This all stemmed from someone asking why is it OK for Boeing to reduce seat size on the 787 below 18" but it's not OK for Airbus to reduce seat size even further down to 16.5". There's no double standards. My graph explained this perfectly where most people understood.
Your curve does not answer that question. It is nonsense. It is labelled incorrectly and has the completely wrong shape to have any meaning (have you noticed, that the correct curve would be equally suitable for your purpose?). You can only use it to jerk around those, who want to hear your message and who lack the knowledge in statistic even more than you do. Others wont be convinced by your diagram. Better try to explain you argument in words. It looks a lot less dilettantish than spreading fantasy curves.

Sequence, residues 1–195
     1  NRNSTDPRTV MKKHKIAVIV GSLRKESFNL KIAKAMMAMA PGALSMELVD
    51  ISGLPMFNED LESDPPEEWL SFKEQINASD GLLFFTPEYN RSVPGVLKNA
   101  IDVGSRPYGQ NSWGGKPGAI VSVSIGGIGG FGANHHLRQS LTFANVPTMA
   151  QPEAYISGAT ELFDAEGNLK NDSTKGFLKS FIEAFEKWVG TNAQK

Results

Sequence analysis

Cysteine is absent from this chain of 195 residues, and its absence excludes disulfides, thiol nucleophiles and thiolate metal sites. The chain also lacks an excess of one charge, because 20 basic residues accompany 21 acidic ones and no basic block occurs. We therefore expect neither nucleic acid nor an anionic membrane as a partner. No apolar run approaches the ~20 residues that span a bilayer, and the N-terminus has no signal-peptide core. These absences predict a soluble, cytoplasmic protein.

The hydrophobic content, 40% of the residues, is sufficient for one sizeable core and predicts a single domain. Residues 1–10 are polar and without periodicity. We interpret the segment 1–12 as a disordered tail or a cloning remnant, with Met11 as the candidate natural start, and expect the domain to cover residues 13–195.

As long as your reply categorically is, that the 16.5" seat is not OK, you are wrong anyway. Because the evidence, that it can be OK is flying around each day. It is obviously OK under certain conditions and in an admittedly rather small niche of the market.
As you say, the price must be considered. So no "seat width distribution"-curve and no "acceptance vs seat-width"-curve will prove anything. The correct function, to find out whether 16.5" is OK or not, is the 3D function "acceptance vs. seat-width vs. ticket-price". But you are not able to determine this function in a useful way. Me neither. So better forget all the graphs and try to bring up good reasons, why you think you are right.
My reasons, why it is OK for airlines to operate 16.5" seats:
- Mostly the same reasons, why Boeing operators recklessly get away with 17" mainline services: only geeks care, the general public is not aware, the majority simply will pick the lowest fare, the flying public is spoiled so nobody simply expects any comfort anymore....
- In the low-cost/low comfort business it matches expectation
If a seat gets filled then it is accepted. So the seat acceptance would closely match the seat width distribution.